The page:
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Open Communication, or Open Access to Communication resources, means that anyone, on equal conditions with a transparent relation between cost and pricing, can get access to and share communication resources on one level to provide value added services on another level in a layered communication system architecture. Simply put, Open Access plans are to deregulate oligarchy of telecom operators in a bid to give consumers more choices for equipment, services and service vendors or carriers. It will also provide some breathing room for the controversial Net Neutrality that has been the central issue between mobile carriers, like AT&T, Verizon and Sprint Nextel, and web media moguls, like eBay, Amazon.com and Google.

Socioeconomic Impact Edit

The concept of Open Access to Communication Resources is central in the ongoing transformation of the communication market from a "vertically integrated" market with a few operators owning and operating everything between the physical medium and the end-user, to an "open horizontal market" with an abundance of actors operating on different levels and providing value added services on top of each other.

Open Access is also a broad approach to policy and regulatory issues that starts from the question: what do we want to bring about outside of purely industry sector concerns? It places an emphasis on:

  • empowering citizens
  • encouraging local innovation, economic growth and investment
  • getting the best from public and private sector contributions.


It is not simply about making micro-adjustments to the technical rules of the policy and regulatory framework but seeking to produce fundamental changes in the outcomes that can be delivered through it. Since the advent of World Wide Web (WWW) in the early 1990s, the greatest advantage the web culture has brought about through dot.com boom-and-bust cycles is decentralization that has created more user-centric society, embracing diversity, practicality, voluntarism and egalitarianism in every field across the planet.

ControversyEdit

The FCC is scheduled to hold auctions on this 700 MHz frequency spectrum and seems to move toward auction rule change in favor of a partial Open Access plan that will require the highest bidder to use a third of the airwaves to build a network that is available to all wireless devices and services. It is most likely the FCC will decide for the partial Open Access.

Google indicated its participation in the forthcoming auction in efforts to achieve full open access plans, also known as "wholesale measures", which are neither fully accepted by FCC nor by mobile carriers, like AT&T and Verizon. However, AT&T and Verizon opted for the partial Open Access, while Sprint Next is bent on building WiMAX networks across the continental USA. WiMAX stresses the interoperability in terms of equipment and applications.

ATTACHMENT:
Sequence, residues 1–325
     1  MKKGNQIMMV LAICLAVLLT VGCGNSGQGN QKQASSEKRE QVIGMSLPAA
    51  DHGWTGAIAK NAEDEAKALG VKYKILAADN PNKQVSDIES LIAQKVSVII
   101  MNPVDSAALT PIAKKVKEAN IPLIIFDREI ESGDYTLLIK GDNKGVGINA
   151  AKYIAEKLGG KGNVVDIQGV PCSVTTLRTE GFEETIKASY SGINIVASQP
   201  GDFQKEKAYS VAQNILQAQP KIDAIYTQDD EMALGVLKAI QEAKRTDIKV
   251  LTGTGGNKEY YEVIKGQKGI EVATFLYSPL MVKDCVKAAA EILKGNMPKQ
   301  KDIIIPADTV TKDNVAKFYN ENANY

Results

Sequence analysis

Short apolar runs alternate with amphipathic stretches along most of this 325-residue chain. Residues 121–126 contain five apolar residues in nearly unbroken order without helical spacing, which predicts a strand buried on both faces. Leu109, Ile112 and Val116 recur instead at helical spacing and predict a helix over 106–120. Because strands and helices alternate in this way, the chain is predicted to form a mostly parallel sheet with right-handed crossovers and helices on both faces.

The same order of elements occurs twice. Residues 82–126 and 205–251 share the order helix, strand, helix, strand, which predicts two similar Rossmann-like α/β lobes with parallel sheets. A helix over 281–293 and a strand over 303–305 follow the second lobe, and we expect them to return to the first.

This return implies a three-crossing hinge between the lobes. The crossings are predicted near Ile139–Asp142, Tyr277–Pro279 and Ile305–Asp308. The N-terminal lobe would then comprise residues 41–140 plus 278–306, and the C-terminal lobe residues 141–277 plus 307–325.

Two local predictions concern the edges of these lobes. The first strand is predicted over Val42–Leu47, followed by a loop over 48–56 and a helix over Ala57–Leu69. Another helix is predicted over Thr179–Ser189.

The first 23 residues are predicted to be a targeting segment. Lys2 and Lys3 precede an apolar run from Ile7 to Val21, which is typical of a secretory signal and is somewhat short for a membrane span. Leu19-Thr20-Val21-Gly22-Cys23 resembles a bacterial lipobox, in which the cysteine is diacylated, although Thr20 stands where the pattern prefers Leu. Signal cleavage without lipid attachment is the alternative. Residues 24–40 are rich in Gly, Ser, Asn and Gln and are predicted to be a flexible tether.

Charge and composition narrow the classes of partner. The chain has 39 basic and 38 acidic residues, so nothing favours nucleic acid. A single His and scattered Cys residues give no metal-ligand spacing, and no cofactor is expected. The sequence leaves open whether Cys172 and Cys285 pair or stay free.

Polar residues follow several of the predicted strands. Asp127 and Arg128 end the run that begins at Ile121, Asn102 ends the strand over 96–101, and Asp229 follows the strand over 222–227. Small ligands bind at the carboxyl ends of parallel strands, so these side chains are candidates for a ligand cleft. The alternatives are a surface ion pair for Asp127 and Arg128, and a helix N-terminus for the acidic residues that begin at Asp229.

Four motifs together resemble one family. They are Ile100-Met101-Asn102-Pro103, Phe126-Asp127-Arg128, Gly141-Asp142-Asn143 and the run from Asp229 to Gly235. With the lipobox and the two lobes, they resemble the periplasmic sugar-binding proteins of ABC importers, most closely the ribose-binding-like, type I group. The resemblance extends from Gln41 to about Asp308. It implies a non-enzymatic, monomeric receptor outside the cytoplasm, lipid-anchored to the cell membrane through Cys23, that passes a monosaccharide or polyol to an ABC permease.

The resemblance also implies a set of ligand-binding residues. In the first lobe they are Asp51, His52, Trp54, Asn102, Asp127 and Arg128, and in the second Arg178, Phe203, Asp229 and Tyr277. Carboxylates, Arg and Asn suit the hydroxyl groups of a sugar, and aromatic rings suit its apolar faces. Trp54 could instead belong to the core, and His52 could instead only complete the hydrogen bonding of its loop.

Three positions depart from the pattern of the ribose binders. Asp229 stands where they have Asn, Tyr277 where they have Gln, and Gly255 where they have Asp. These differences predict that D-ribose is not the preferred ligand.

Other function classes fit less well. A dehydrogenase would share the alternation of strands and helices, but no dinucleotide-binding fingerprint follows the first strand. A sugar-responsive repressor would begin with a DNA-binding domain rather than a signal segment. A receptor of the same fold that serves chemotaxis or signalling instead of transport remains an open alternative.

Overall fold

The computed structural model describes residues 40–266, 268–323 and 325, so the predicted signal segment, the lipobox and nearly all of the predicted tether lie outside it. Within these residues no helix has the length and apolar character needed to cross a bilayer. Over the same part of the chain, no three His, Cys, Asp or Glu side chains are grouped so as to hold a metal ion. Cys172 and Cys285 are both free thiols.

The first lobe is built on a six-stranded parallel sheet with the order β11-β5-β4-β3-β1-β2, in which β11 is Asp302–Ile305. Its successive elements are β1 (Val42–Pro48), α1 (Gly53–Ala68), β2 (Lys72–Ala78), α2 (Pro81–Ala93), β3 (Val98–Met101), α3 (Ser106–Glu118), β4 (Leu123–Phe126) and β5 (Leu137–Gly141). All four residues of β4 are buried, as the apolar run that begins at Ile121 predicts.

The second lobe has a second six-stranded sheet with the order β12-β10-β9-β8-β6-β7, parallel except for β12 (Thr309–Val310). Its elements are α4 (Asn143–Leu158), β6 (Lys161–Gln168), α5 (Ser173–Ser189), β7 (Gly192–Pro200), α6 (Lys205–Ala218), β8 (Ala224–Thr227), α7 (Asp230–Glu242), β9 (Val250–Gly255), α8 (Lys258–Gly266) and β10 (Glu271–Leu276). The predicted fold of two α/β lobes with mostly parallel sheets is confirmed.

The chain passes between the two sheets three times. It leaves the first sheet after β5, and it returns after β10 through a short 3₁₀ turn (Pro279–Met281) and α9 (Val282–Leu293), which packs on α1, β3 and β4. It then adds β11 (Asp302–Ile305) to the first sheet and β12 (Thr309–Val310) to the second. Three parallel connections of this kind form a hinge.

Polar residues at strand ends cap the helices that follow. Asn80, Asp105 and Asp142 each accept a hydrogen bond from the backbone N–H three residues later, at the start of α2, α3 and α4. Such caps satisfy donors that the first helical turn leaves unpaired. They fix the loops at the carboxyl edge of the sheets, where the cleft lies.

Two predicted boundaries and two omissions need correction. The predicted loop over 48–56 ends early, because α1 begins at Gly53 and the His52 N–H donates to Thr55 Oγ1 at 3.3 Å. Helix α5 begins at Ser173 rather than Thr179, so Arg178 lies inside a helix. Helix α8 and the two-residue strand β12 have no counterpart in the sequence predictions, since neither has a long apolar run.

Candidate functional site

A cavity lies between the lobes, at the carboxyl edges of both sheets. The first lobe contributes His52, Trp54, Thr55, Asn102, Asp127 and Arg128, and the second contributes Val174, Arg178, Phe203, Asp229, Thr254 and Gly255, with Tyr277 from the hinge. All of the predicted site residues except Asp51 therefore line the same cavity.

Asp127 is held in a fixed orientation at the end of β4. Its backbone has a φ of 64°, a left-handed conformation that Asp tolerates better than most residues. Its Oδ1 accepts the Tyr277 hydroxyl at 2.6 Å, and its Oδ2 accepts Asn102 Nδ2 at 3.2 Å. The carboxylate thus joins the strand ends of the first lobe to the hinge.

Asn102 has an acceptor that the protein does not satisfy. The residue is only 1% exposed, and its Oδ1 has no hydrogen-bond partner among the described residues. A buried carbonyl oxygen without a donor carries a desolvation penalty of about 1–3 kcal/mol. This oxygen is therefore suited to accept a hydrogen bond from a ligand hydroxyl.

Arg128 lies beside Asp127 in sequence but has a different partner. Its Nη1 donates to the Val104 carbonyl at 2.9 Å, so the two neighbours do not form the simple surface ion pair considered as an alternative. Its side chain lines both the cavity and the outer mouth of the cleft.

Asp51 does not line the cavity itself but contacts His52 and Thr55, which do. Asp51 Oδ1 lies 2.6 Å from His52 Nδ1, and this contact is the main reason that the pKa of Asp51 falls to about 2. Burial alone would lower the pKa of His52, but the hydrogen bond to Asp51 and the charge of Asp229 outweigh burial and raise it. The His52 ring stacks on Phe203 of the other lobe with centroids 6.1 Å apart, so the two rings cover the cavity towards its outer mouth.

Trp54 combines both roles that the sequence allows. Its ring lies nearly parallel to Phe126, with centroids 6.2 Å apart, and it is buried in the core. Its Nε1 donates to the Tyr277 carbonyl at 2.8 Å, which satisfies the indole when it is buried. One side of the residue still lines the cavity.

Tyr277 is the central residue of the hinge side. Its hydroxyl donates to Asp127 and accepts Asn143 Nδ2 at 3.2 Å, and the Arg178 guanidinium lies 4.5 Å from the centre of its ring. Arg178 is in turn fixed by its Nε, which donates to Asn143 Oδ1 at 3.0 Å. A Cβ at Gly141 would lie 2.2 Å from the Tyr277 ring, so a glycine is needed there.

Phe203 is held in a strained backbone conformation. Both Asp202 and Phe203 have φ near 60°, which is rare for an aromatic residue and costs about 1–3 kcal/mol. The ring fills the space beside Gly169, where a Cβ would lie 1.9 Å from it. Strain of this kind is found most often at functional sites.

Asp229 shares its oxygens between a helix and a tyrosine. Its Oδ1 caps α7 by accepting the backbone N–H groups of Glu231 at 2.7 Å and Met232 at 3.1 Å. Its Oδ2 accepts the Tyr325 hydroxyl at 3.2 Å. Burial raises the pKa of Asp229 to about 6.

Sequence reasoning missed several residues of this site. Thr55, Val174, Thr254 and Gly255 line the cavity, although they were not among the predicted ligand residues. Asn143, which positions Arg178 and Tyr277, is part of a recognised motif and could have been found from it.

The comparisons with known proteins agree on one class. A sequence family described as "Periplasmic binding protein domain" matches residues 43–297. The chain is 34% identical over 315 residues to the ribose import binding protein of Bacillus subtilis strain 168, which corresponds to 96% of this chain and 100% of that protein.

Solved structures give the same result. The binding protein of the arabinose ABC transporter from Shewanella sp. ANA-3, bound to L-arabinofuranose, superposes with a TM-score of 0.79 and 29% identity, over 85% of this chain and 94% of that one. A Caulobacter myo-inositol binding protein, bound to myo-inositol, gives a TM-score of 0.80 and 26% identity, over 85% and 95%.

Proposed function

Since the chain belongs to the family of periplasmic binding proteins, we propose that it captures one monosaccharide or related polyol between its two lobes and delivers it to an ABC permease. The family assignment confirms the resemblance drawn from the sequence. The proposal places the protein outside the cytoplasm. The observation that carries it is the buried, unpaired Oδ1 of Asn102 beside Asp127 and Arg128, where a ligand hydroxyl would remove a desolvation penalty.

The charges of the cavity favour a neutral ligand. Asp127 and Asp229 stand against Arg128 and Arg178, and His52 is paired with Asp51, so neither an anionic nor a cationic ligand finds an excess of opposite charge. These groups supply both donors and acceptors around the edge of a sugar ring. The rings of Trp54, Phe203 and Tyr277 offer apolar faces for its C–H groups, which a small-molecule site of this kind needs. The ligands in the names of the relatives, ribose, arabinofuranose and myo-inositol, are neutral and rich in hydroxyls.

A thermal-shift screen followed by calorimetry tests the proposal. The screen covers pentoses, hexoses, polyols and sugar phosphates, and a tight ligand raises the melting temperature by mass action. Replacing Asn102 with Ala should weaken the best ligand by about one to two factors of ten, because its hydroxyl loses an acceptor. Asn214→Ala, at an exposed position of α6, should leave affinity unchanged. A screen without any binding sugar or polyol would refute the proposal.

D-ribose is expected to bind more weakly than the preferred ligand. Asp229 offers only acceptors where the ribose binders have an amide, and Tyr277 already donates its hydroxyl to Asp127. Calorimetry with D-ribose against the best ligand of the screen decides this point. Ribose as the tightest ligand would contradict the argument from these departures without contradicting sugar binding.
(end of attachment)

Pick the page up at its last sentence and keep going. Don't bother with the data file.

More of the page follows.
By and large, mobile technology takes center stage in communications and is unpredictable about its future course for now, and makes "what had been unthinkable a few years before" happen. Its cladogenetic evolution is proceeding at a dizzying pace, and this is why mobile content providers are concerned that 'network gatekeepers' like mobile carriers might end up stifling innovation and freer content distribution. Mobile search, mobile marketing, and mobile advertising are the fast-growing segments of the telecommunications industry and, as one industry executive said, 'blurring borderline between telecom and media industries' is getting more conspicuous.


Layers in Data Communication System ArchitectureEdit

The interesting layers in a data communication system architecture for terrestrial Optical Fibre Communication include:

  • Physical passive infrastructure: right of way, ducts, fibre cables, fibre core terminated in an optical distribution frame with patch panels. Actors on this level includes real estate owners, both public and private, other infrastructure actors, such as power utility companies, railway companies, pipeline companies (water, gas, oil, etc). Several fibre owners lease dark fibre to operators or end-users.
  • Optical transmission including wavelength division multiplexing (WDM) providing several communication channels in the same fibre core. Fibre owners sometimes provide wavelengths rather than dark fibre, sometimes both.
  • End-to-end transport level, including connection-oriented Transfer Control Protocol (TCP) and datagram (UDP). Commercial services on this level are rare.
  • Services including session, presentation and application functionality, such as email (SMTP, POP, IMAP), web services (HTTP), File Transfer Protocol (FTP), terminal access (TELNET), etc. Typical commercial actors on this level include Internet Cafes.

See also Edit

External linksEdit

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